The statue of St. Thérèse - Shrine Information Centre
"I understood that all we accomplish, however brilliant, is worth nothing without love." - Saint Thérèse of Lisieux
Saint Thérèse of Lisieux (born Marie Françoise-Thérèse Martin; January 2, 1873 – September 30, 1897 in Alencon in France), or Saint Thérèse of the Child Jesus and the Holy Face, O.C.D., was a French Discalced Carmelite nun widely venerated in modern times.
Whilst still young she entered the Discalced Carmel of Lisieux, where she lived in the greatest humility and evangelical simplicity and confidence in God. By word and example she taught the novices these same virtues.
She is popularly known as "The Little Flower of Jesus" or simply "The Little Flower". Thérèse has been a highly influential model of sanctity because of the "simplicity and practicality of her approach to the spiritual life. Offering her life for the salvation of souls and the spread of the Church, she died on September 30th 1897.
Together with Saint Francis of Assisi, she is one of the most popular saints in the history of the church. Pope Pius X called her "the greatest saint of modern times" while his successor, Pope Pius XI accorded her as the Patroness of the Gardens of Vatican City on 11 May 1927, granting her the title as the "Sacred Keeper of the Gardens'". She is a Doctor of the Church.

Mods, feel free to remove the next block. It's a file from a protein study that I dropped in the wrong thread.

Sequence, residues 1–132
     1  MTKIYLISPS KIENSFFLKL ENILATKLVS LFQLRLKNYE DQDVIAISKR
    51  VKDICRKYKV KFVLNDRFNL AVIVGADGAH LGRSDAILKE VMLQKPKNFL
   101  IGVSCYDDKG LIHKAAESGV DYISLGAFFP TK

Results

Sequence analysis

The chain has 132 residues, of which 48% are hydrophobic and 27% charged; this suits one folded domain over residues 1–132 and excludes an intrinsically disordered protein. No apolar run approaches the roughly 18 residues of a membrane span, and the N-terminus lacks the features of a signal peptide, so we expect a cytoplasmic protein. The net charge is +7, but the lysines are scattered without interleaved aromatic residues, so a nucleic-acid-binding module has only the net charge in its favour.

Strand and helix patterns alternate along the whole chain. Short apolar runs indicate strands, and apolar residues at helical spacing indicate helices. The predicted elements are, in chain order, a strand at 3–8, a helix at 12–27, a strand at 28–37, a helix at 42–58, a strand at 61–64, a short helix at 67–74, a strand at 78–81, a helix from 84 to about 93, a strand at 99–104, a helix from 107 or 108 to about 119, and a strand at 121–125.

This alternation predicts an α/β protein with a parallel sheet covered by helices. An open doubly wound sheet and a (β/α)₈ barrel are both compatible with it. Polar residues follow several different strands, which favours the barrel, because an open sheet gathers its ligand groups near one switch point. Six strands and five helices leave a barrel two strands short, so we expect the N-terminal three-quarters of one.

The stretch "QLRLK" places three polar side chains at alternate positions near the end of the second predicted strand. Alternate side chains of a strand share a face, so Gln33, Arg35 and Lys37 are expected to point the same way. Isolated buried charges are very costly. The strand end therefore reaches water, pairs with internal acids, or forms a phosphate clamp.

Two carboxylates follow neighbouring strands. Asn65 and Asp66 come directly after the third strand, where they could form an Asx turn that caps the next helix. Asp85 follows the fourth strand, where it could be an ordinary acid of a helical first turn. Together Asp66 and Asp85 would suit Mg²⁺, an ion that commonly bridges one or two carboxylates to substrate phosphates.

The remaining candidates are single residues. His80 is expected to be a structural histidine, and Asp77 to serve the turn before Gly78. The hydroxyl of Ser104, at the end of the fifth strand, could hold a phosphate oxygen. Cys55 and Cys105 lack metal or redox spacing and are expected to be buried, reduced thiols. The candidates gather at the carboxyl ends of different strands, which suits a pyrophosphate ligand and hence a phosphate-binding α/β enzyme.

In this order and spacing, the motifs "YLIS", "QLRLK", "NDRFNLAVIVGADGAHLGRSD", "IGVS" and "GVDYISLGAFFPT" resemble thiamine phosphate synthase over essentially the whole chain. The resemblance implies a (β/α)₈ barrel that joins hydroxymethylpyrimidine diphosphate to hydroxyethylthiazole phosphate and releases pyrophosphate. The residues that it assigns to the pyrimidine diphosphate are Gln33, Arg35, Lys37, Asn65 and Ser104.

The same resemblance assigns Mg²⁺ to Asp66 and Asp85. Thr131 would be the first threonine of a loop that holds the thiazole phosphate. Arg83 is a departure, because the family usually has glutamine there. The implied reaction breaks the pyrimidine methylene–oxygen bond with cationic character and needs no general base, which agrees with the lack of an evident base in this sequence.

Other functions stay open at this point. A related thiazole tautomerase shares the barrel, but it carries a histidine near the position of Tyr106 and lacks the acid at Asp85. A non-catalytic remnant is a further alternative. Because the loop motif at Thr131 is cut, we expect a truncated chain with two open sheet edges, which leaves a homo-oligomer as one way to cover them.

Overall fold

Shrine of the Little Flower
On a wall in the little side chapel is the small Shrine of the Little Flower. Saint Thérèse of Lisieux, known as 'the Little Flower', was born in 1873 and died in 1897. She became a Carmelite nun when she was fifteen, and inspired many through her "Little Way" of simplicity and in the doing of small acts inspired by love.
The shrine at Faversham is rather unusual, because instead of presenting St. Thérèse, standing in isolated intercession and favour, she is linked up with Our Blessed Lady of Mount Carmel and the Holy Child. The roses which she distributes come to her from the Holy Child by favour of Our Blessed Lady. In other words, the Shrine links up St. Thérèse of Lisieux with Our Blessed Lady of Mount Carmel and the Holy Child. The shrine is particularly associated with the Society of the Little Flower (see below).
The Faversham Shrine of St. Thérèse, the "The Little Flower".
Society of the Little Flower
Before the Second World War, the Prior of the Carmelite friars at Faversham, Fr. Elias Lynch, O.Carm., established three 'Societies of Prayer', including The Society of The Little Flower in honour of Saint Thérèse of Lisieux. These Societies continue to exist and are a very popular way for people to express their faith, participate in our Carmelite devotions, and support our ministry of service to God's people.
Join the Society by clicking on the image below.